27 September 2012
An innovative oral history training programme led by legal academics at Queen Mary, University of London, has just been completed in the Irish border region.
Participants included staff and students of history, law and sociology from Queen Mary, Trinity College Dublin, the University of Cambridge and Dundalk Institute of Technology.
They enrolled alongside community workers, representatives from nationalist and unionist political parties, members of fraternal associations, frontline and law enforcement services, religious communities and local history networks.
The aim of the course was to transfer skills to enable people to collect and conserve their own stories of conflict and peace at various levels and over the last 50 or so years.
The training (including interview integrity procedures, processing and storing, styles and techniques, as well as relevant technical matters) set out all necessary legal, ethical and professional standards, and demonstrated how they can be embodied in practical work.
The training programme is part of the Peace Process: Layers of Meaning project, an ambitious collaboration between QM, TCD, and Dundalk Institute of Technology, supported with €1.1m from the EU’s PEACE III programme. The project is led by Professor Seán McConville and Dr Anna Bryson, both from the School of Law at QM.
The course began at Mile End where participants learned about oral history projects that have been undertaken within and between a diverse range of ethnic groups in the East End.
Further training took place at Altnaveigh House in Newry. The programme was completed last week at Dundalk Institute of Technology.
Participants reported on fieldwork undertaken in the course of the summer and progressed to advanced consideration of socially and politically sensitive interviews.
They undertook intense training in the conduct of audio-visual interviews and engaged in mock interviews with professional actors. A funding workshop led by Professor McConville gave way to guest presentations from representatives from EU and state funding bodies.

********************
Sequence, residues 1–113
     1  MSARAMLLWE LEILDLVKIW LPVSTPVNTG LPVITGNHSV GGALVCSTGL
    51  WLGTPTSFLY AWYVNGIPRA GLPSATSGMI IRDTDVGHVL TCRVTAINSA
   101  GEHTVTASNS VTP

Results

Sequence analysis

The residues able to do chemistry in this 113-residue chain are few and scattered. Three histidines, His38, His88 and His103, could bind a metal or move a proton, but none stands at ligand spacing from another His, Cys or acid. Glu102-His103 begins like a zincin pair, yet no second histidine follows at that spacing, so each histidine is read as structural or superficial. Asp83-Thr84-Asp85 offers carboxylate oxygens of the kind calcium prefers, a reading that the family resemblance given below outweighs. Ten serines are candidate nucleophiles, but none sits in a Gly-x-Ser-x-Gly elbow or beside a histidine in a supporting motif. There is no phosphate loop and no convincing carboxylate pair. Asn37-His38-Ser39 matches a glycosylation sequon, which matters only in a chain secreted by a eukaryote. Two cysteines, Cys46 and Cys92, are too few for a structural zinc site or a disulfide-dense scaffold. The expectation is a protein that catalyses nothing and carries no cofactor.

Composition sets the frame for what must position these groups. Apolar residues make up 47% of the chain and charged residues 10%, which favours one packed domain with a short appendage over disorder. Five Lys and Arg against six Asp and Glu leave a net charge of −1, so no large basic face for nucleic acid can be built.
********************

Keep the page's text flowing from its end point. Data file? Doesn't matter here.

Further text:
Participants also heard from a wide range of community leaders about the potential impact and dissemination of interview-based projects. These included Regina Fitzpatrick (Oral History Network of Ireland), Eamon Thornton (Drogheda Voices), Kevin Murphy (Cuimheamh), and Jonathan Mattison from Stepping Towards Reconciliation in Positive Engagement (STRIPE).
Dr Mattison stated: "The work undertaken by the Layers of Meaning Project is incredibly important - especially the production of the oral history training template for local communities and academics...Helping individuals and communities tell their story is vital, especially in the context of Northern Ireland, a country coming out of conflict, where everyone’s view needs to be taken into account. The project provides a useful template for moving forward.”
The training programme has provided the foundation for three exemplary local projects. The first is an inter-generational study of interfaith marriages; the second will involve young people from Ballynafeigh, Darkley and Dundalk in an interview-based exploration of identity and diversity; and the third will document cross-community and cross-border co-operation in farming, and will undoubtedly make a timely and valuable contribution to the Royal Ulster Agricultural Show’s new Legacy Project.
The Peace Process: Layers of Meaning project is also in the process of collecting and archiving one hundred heritage interviews with senior political figures, civil servants, and community and religious leaders involved in attempts to achieve peace over the last 40 years. The project is described in full at: www.peaceprocesshistory.org.
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Queen Mary, University of London